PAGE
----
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FunTimes Magazine

The Reading Quilt: Untwine

May 24, 2024 10:00AM ● By Dr. Rachel Slaughter


The portrayal of twins in entertainment has indeed been a rich and varied mosaic, including stories ranging from heartwarming comedies to thrilling mysteries. "Sister, Sister," featuring Tia and Tamera Mowry, captured the hearts of audiences in the 90s with its humorous take on the unique bond between identical twins separated at birth. The show's success showcased the enduring appeal of twin dynamics in entertainment and how it can be used to craft engaging narratives that resonate with viewers.

Not all depictions of twin relationships in media or books are lighthearted or positive. Some stories delve into darker themes, exploring the complexities of twin connections in more sinister contexts. These narratives may involve themes of deception, betrayal, or even violence, showcasing the sinister side of the twin experience. Overall, the twin trope in entertainment serves as a versatile tool for storytellers to explore a wide range of themes and emotions, from joy and laughter to mystery and suspense. Whether portrayed as sources of comedy or intrigue, twins continue to fascinate audiences with their unique bond and the endless storytelling possibilities the experience offers.


 Each month “The Reading Quilt” provides a short review of a book that a teacher may use to spark conversations about culture and race, along with a learning activity that may help students understand human behavior. Using the acronym QUILT, the review offers readers information about the Quality of writing, Universal theme, Imaginative plot, a mini Lesson plan, and Talking points that stem from the book’s premise. This month’s selection is a book by Edwidge Danticat titled “Untwine” (Scholastic, 2015).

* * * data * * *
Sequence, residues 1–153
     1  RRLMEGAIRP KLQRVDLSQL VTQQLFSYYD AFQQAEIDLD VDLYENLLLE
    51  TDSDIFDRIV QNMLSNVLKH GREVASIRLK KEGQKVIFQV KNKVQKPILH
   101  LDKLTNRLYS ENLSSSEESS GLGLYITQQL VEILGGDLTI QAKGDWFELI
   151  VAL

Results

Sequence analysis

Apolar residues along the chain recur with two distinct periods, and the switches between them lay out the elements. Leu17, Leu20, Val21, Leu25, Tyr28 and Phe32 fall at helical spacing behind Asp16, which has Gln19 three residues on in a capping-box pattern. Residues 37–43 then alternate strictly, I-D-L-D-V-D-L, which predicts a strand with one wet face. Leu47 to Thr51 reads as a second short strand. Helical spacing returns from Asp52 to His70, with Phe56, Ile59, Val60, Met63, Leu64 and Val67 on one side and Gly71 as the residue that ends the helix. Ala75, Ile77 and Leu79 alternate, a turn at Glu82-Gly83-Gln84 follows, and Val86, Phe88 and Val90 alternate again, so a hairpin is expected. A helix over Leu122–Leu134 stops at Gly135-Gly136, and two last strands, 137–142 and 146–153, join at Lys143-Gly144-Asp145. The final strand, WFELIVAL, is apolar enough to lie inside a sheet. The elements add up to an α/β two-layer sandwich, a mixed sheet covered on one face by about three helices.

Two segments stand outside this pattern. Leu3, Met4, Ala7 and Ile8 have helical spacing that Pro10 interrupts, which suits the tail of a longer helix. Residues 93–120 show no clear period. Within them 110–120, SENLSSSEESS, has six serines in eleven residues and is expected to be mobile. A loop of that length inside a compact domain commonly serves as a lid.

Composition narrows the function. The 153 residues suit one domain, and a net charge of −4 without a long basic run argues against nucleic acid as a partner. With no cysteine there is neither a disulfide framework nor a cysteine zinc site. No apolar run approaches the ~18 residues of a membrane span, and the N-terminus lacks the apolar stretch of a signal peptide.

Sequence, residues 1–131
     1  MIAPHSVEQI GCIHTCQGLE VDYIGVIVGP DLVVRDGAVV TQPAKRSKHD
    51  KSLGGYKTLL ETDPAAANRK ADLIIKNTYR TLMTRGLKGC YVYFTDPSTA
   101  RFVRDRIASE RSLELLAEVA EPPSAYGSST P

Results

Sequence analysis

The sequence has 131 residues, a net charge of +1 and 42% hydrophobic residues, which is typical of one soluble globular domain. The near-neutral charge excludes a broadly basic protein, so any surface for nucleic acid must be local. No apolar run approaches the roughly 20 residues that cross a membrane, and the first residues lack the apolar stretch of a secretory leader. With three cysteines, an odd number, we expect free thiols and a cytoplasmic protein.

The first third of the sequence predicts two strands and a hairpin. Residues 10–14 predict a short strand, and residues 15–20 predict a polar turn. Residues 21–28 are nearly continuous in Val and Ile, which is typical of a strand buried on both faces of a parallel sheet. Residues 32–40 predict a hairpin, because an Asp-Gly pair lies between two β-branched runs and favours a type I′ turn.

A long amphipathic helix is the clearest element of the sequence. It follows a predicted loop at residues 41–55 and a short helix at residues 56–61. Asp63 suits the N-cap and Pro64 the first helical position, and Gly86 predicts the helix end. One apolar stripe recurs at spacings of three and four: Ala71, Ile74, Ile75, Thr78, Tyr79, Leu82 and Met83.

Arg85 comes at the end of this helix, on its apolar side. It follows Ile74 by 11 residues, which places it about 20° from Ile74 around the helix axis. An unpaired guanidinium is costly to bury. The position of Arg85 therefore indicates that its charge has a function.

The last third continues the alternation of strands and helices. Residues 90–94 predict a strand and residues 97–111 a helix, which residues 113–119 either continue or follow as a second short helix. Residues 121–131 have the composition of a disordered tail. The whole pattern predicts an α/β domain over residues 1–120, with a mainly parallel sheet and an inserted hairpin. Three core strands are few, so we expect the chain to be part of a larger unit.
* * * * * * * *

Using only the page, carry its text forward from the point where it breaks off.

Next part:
Source: Library of Congress Life, CC0, via Wikimedia Commons

Edwidge Danticat, a Haitian-born writer, was born on January 19, 1969. Danticat lived in Port-au-Prince until she was 12 years old. Edwidge found a creative outlet in writing at nine years old. Not long after, when she turned 12, she and her father emigrated from Haiti to New York. Rose, her mother, joined the family from Haiti two years later. Detailing her emigration experiences in a short story, Edwidge was a published writer before she reached her teens.  As she continued exploring the art of storytelling and other writing genres, Edwidge won many awards and honors including The National Book Critics Circle Award for “Brother, I'm Dying” in 2007.


Quality of Writing: In her gripping novel, Edwidge transports readers into the heart of a family teetering on the edge of calamity. With masterful storytelling, she skillfully immerses us in the idyllic world of Isabelle and Giselle, sixteen year old twins who love their parents and appreciate their safe and comfortable world.


Universal Theme: Within the pages of Edwidge's captivating novel unfolds a poignant tale of a close-knit Haitian family, guiding twin teenage girls to cherish the essence of kinship and companionship. With graceful prose, the author delves deep into the intricate web of relationships, exploring themes of friendship, love, and the profound weight of loss. In this unflinching narrative, Edwidge skillfully exposes the complexities of familial ties and the resilience required to confront the repercussions of concealed truths.